TechnologyLow sugar foods: How to estimate the glycemic index

Low sugar foods: How to estimate the glycemic index

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The trend towards less and less use of sugar in the composition of food is unstoppable. The number of variants of products launched in the European market under the claim “low in sugar” or “without sugar” is constantly increasing year after year, standing at 6,306 variants launched in the European Union in 2017.

Food companies, especially those that focus their offer on groups with overweight, cardiovascular diseases or diabetes , can have scientific evidence of the glycemic response of their new products developed, through the use of the in vitro Dynamic Digester available at AINIA, to validate their nutritional and healthy improvement.

The glycemic index (IG) is an indicator that allows to classify foods considering the glycemic response in blood of an ingested food compared to a reference food (glucose or white bread). Glycemic index values ​​can be used to assist consumers in food selection and possibly to reduce the risk of certain diseases.

However, the in vivo method to determine the GI of foods has certain drawbacks, since it is considered slow, expensive and unethical (frequent blood sampling in humans, two foods to be tested, etc.).

With the purpose of having a faster, more reproducible methodology that generates fewer errors, especially when the study focuses on the development of food products, some in vitro methods have been developed to estimate the GI of foods.

Technological solutions to estimate the Glycemic Index: AINIA In Vitro Dynamic Digester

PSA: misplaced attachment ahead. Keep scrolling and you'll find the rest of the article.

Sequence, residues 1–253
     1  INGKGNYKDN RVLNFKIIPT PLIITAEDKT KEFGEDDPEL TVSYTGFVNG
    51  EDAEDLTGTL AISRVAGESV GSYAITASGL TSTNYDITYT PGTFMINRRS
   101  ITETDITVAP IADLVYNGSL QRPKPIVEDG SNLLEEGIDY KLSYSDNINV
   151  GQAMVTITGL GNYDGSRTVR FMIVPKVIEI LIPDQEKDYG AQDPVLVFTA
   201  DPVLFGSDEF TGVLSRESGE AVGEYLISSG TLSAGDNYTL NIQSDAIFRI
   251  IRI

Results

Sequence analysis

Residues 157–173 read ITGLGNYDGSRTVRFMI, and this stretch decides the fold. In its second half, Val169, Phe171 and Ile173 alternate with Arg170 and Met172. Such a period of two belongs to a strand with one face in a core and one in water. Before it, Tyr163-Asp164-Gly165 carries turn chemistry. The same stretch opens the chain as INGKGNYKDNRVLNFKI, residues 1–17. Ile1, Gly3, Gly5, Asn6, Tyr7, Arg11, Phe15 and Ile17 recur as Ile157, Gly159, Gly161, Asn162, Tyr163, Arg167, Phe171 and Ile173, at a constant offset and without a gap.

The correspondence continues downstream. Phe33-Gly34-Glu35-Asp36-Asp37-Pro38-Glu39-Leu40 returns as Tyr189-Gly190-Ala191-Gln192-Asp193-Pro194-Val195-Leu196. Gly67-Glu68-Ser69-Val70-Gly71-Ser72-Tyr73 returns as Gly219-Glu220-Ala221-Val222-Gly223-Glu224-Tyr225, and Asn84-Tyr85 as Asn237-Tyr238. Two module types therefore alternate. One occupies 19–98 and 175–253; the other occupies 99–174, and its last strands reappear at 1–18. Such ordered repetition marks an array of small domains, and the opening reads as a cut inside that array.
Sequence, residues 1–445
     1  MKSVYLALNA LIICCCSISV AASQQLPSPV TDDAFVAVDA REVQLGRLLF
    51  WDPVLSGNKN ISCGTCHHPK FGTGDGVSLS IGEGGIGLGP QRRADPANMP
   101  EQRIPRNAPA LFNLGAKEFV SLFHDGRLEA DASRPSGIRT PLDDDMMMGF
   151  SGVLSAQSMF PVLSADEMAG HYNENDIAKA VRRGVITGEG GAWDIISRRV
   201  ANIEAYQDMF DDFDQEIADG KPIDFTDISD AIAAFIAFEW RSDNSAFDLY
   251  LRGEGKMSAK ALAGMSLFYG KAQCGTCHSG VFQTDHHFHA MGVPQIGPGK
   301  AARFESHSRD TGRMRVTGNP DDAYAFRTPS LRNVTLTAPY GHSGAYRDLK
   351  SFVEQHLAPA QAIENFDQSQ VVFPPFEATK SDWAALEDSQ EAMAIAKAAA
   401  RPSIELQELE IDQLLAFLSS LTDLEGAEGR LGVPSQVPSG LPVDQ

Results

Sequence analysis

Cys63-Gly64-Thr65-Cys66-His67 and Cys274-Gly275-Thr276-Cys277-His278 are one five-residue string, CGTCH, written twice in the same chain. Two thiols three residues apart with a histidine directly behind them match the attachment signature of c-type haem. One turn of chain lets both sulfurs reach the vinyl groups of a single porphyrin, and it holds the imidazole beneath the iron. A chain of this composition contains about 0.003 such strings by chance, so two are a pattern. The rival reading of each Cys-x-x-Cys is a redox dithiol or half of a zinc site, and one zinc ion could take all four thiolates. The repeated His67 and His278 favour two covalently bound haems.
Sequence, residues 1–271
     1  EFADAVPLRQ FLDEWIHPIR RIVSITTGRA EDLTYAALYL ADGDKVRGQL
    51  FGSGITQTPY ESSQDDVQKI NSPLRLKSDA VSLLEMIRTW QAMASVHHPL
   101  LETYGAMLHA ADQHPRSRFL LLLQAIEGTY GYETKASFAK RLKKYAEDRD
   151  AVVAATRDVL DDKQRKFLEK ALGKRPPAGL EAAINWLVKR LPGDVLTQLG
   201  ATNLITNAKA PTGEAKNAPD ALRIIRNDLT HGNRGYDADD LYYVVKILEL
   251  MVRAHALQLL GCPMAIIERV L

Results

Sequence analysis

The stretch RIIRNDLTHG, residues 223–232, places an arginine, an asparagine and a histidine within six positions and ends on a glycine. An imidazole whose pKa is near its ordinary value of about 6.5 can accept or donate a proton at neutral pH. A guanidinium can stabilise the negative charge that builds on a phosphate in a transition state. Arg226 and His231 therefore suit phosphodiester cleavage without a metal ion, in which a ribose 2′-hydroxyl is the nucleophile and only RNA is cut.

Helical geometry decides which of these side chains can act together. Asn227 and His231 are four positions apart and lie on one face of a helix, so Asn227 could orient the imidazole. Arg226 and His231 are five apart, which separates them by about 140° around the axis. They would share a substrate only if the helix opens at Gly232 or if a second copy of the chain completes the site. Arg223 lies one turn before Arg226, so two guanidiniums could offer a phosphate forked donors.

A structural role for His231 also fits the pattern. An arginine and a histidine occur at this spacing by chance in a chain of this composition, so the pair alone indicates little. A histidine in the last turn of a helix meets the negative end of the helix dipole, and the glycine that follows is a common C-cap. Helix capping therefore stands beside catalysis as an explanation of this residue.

At AINIA Centro Tecnologico we have extensive know-how in in vitro studies to estimate the glycemic index of foods. This allows us to help food companies when developing new products with a reduced glycemic level tested with scientific-technical evidence.

We make this possible thanks to the fact that we have an in vitro Dynamic Digester that reproduces the gastrointestinal conditions of the human being, which:

  • Reproduce the peristaltic movements of the stomach and intestine.
  • Control body temperature.
  • Regulate the acidic conditions of the stomach and basic conditions of the intestine
  • Reproduce salivary, gastric and intestinal (biliary, pancreatic, etc.) secretions of enzymes and substances involved in digestion.
  • Reproduce the gradual emptying of the stomach and intestine.

Trends in the development of low sugar products

The trend in the development of foods “low in” or “without” sugars is clear. As we see in this graph, the number of product variants we launch in the Union market is constantly increasing year after year, standing at 6,306 variants launched in Europe in 2017.

The consumer wants to reduce the consumption of sugar and for this he reads more and more the labeling of the product. It also demands more natural sweeteners, differentiating between “good” and “bad” sugars.

But in addition, different organizations insist on this line as a preventive measure against diseases and reduce the health expenditure that this entails, adopting new regulatory measures. Thus, the Ministry of Health has recently announced the first Collaboration Plan for the improvement of the composition of food and beverages in Spain 2017-2020. It is a commitment to reduce, among other nutrients, the sugar in food. The objective is none other than to minimize the risks to the health of consumers that derive from a high intake.

Added to this is the legislative initiative of the Generalitat de Catalunya (Law 5/2017, of March 28). A tax measure that creates and regulates a tax on packaged sugary drinks. If you want to know what this tax consists of, we invite you to read the article “Tax on packaged sugary drinks (EIBB)”.

According to current legislation, to convey that the product has a lower sugar content, the label must refer to it as “low sugar content”, if the product does not contain more than 5 g of sugars per 100 g in the case of solids or 2.5 g of sugars per 100 ml in the case of liquids., “without sugars”, if the product does not contain more than 0.5 g of sugars per 100 g or 100 ml., or “without added sugars ”, if no monosaccharide or disaccharide has been added to the product, nor any food used for its sweetening properties.

If you need to reformulate products to reduce your sugar level, or estimate their glycemic index, count on AINIA, we can help you.

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